In July, I wrote, that there really hadn’t been a story like Juan Uribe in Los Angeles Dodger history: “What Dodger endured two miserable years, while collecting a big paycheck, before putting it together in his third season?” In the post-1975 free agent era, no such player exists. There have been players who struggled coming up in the system, there have been acquisitions that got off to slow starts (Dusty Baker comes to mind). But none was such a disappointment, none was so marginalized, none was so close to being released … only to come back to become the subject of chants and cheers and curtain calls, as Juan Uribe.
As the Dodgers advance to the National League Championship Series with their 4-3 victory Monday over Atlanta, you can be sure it was a team triumph. Absolutely, there are stars – clearly, this is Clayton Kershaw’s world that we rent existence in – and absolutely there were nearly goats, but to get to this point has taken contributions from everyone on that roster.
But holy cow, for those of us who come to baseball for an escape, for answers or even suggestions, to feel something that we can’t often or otherwise find in everyday life, consciously or unconsciously, and see such a tale of redemption played out right at center stage, see one who was so mercilessly derided become the hero, and to know it’s real, brings an emotion to cherish above and beyond the revelry of victory.
Yes, I know Juan Uribe was well compensated as he stunk up the joint in 2011 and 2012 and he didn’t need my sympathy. And I never offered it. But strip everything else away, and you have the story of someone who found his way back from tar and feathering into sweet serenity. If you’ve ever felt like you’ve been failing, it is an inspiration. I’ll never be Clayton Kershaw, the best in the world. But I might be Juan Uribe. I might have my moment.
* * *
To say the least, this National League Division Series Game 4 tossed expectations of success and failure into a blender.
Clayton Kershaw, starting for the first time in his major-league career on three days’ rest, was absolutely on his game, burnishing his legend as this generation’s Sandy Koufax. (Fine, they’re two different people and one hasn’t locked up the Hall of Fame yet, but I’m tired of people trying to deny their equivalency.) Kershaw faced 24 batters and allowed only three singles and a walk while striking out six – meaning that he had struck out 18 in 13 NLDS innings.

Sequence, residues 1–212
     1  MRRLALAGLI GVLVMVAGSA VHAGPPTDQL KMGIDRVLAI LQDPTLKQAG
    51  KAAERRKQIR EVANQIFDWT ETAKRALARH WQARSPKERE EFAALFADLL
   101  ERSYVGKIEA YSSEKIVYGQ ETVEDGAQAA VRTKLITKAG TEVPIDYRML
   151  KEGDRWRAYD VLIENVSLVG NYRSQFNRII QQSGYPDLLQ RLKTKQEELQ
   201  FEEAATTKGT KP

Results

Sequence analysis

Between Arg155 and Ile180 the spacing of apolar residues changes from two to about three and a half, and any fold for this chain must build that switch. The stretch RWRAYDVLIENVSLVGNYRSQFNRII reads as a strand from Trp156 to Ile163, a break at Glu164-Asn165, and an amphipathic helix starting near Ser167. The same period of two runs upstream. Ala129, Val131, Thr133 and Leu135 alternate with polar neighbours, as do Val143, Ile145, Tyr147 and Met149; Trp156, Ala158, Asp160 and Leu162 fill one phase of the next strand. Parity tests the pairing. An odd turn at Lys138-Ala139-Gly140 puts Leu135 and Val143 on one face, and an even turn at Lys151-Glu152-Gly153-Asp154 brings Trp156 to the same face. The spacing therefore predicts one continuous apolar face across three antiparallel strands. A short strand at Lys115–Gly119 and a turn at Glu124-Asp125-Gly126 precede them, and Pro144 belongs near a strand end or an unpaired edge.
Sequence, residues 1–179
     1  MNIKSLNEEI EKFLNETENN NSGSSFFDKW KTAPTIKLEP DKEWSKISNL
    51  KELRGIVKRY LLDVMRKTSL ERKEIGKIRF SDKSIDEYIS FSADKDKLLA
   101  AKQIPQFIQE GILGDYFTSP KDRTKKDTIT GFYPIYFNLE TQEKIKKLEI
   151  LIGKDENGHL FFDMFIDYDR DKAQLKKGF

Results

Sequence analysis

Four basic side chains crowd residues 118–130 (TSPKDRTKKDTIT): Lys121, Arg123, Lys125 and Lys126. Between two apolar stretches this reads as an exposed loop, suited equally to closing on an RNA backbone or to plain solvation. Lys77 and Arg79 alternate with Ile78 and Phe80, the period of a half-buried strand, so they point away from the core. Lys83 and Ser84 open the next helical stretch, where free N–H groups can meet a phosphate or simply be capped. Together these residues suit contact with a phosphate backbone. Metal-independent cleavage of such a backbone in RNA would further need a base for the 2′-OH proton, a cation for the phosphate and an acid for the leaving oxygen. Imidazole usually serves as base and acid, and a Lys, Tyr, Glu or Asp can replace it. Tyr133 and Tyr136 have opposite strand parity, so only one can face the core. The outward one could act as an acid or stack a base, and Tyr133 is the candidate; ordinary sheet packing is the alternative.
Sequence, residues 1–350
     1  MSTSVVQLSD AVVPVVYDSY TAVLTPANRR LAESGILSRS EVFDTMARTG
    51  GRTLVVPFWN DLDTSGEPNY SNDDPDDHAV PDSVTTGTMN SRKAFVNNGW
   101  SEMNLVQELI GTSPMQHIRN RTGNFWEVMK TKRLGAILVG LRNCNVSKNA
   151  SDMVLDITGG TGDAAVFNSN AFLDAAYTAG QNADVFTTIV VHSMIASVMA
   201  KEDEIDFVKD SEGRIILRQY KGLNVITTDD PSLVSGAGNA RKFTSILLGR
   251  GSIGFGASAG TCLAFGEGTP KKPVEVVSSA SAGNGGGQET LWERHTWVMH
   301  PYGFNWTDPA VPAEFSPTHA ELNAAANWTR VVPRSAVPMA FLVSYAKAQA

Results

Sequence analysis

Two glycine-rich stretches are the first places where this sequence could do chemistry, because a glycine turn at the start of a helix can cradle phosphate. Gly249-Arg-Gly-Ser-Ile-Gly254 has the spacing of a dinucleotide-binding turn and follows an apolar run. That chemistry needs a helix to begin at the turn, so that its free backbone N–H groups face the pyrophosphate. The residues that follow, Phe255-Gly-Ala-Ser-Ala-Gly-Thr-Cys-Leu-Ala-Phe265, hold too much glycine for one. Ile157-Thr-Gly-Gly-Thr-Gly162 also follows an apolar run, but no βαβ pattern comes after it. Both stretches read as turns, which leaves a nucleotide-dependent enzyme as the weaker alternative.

But the first sign that not even Kershaw can control the earth’s rotation and the winds of the fates came with the very first batter, when a simple groundball eluded the glove of Adrian Gonzalez at first base. The short-term ramifications were that Kershaw had to throw seven extra pitches to get out of the first inning – and it took a backhand play on the line behind third base by Uribe to do it – but immediately you feared the domino effect on a night he would be on a shorter leash than normal.
If that had been the only deviation from the ideal script, it wouldn’t have mattered. The rest of the night called for the Dodgers to pound multi-organization moundsman Freddy Garcia early and often, and it looked like that would happen. Carl Crawford, 24 hours after his huge three-run Game 3 homer Sunday, jumped on a 1-2 offering from Garcia and drilled it over the right-field wall for a leadoff blast, the first of his career since hitting one off Garcia eight seasons ago. One out later, Hanley Ramirez singled and stole second, and one more out later, Yasiel Puig absolutely smashed a ball to right field that looked as much like a homer as anything I saw from my seat on the Reserved Level all night. But Justin Upton caught it at the fence, and the Dodger lead remained 1-0.
Kershaw cruised fairly easily through innings two and three, allowing only a single to the consistently bothersome Chris Johnson, before Crawford came up again with one out in the bottom of the third. Unbelievably, Crawford hit a second homer, this one high down the right-field line, to double the Dodgers’ lead. When Mark Ellis followed with a bloop double, placing Ramirez and Gonzalez at the plate with one out, you wondered whether the bell was tolling for Garcia.